News » Whistler

Council asks for natural gas buses

Ailing WAVE fleet needs to be replaced as soon as possible



By Alison Taylor

Contrary to B.C. Transit’s goal of replacing its fleet of buses with diesel-powered vehicles, Whistler is looking to natural gas as its fuel of choice for public transit.

It may cost Whistler more money upfront in capital costs, but over the life cycle of the bus fleet the financial differences could be negligible.

Council voted to pursue natural gas buses Monday night, subject to the approval of the B.C. Transit board.

Mayor Ken Melamed said it wants B.C. Transit to be supportive of its decision.

“We (know) that they favour(ed) diesel,” he said.

“We (want) them to agree and come to support of their own volition, based on the costing and based on our commitment to the Integrated Air Quality Management Plan.”

As it approved the move to natural gas, council also asked that B.C. Transit replace Whistler’s ailing fleet of 25 buses as soon as possible — not in 2011 and 2016 as planned.

In his report to council, general manager of environmental services, Brian Barnett, laid out the increasing necessity of replacing Whistler’s overtaxed buses.

The vehicles are badly rusted, the interiors in poor condition and the mechanical systems are problematic. The municipality spends $1.2 million per year in bus maintenance.

If the fleet is not replaced in two years, Whistler’s costs are expected to increase significantly.

“Our buses are particularly compromised because of the high service hours,” said Melamed.

The buses are driven almost around the clock, and the system is on overdrive during the holiday season.

Melamed and Barnett had a meeting with the B.C. Transit board last month outlining the municipality’s concerns and the need to come to a decision sooner rather than later. New buses can take up to 18 months to order.

Monday’s decision means Whistler could eventually have a fleet made up of natural gas buses and the 20 hydrogen fuel cell buses promised to the resort for seven years as part of a federal-provincial 2010 Games showcase project.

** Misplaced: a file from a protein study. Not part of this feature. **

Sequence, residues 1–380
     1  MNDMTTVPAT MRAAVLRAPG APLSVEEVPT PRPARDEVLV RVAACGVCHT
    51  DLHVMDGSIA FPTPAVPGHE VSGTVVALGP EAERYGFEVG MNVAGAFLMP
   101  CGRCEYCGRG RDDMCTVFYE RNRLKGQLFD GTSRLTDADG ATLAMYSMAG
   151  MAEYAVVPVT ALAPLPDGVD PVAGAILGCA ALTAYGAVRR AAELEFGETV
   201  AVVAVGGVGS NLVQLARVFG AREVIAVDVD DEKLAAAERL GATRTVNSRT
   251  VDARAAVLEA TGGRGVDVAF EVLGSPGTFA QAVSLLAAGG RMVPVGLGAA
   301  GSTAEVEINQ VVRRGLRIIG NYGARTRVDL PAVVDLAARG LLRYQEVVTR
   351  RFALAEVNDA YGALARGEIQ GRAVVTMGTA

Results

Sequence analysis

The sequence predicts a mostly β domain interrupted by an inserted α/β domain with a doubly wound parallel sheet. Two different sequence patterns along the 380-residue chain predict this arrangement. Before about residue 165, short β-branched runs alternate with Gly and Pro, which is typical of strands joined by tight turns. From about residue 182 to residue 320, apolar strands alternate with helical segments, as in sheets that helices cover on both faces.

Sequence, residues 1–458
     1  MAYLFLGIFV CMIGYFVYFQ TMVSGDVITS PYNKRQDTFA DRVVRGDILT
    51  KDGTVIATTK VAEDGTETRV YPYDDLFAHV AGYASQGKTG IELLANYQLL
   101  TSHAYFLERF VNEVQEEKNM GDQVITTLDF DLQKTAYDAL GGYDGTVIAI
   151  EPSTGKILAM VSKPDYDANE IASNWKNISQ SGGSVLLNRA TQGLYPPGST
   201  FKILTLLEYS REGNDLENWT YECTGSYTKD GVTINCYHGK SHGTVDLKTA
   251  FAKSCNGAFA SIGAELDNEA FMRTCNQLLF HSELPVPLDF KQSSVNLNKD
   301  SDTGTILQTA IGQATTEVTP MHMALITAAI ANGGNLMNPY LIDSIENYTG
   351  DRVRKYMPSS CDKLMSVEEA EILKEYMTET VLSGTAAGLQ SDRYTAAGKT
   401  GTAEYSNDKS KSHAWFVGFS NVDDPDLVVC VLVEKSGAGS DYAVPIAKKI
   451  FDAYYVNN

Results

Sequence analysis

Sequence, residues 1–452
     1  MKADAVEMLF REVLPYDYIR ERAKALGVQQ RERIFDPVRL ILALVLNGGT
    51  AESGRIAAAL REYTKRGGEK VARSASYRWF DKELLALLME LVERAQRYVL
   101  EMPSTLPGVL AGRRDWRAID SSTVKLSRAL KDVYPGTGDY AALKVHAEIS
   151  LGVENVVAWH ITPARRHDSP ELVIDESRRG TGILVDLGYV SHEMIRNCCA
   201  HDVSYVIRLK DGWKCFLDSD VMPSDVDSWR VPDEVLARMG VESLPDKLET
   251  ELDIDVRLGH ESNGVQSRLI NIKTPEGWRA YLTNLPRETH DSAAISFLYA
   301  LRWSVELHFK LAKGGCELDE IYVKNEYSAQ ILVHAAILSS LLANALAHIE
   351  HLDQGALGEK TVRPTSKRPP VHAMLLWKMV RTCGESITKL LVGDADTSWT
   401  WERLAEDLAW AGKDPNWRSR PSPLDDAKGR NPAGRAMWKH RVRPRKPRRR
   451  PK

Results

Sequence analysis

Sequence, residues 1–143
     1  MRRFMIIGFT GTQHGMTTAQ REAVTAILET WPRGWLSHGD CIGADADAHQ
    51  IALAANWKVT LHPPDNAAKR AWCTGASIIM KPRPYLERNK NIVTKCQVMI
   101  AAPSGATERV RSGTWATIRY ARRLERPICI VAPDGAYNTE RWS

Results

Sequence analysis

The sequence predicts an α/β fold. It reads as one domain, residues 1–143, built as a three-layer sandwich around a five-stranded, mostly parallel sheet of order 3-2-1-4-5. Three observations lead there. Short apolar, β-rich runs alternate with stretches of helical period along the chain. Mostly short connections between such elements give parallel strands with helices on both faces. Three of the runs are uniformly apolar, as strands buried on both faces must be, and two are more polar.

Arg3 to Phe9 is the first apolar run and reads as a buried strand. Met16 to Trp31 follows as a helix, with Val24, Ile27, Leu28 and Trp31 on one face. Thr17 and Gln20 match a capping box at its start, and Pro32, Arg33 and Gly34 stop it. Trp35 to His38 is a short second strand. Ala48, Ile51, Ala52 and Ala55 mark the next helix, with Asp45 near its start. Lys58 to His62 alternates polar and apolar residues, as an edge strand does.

The province is looking to build a new hydrogen fuelling centre in Whistler to support this project. The current Function Junction bus maintenance facility may not accommodate this and work is underway to find a new site in the resort.

The hydrogen fuel cell project makes the transition to natural gas a little easier.

There are economies and synergies with the hydrogen technology — both need pressurized gas lines, similar storing facilities and similar training and tools for maintenance staff.

The natural gas pipeline from Squamish is another added incentive for the switch.

“It’s part of the community plan in terms of transitioning to cleaner fuels,” explained Barnett.

“Propane is dirtier than natural gas… and then of course, diesel is a lot dirtier than natural gas.”

In particular, the amount of cancer causing pollutants in natural gas is significantly lower compared to diesel, he added.

The capital cost of a diesel bus is $561,000. A natural gas bus costs $638,000.

The municipality would most likely pick up that $77,000 per bus difference but Barnett explained there are several grant programs, which could offset those capital costs.

The life cycle comparison is estimated at a $7,000 difference: a hydrogen/diesel fleet is estimated to cost $1.759 million in 2011 whereas a hydrogen/natural gas fleet is about $1.766 million.

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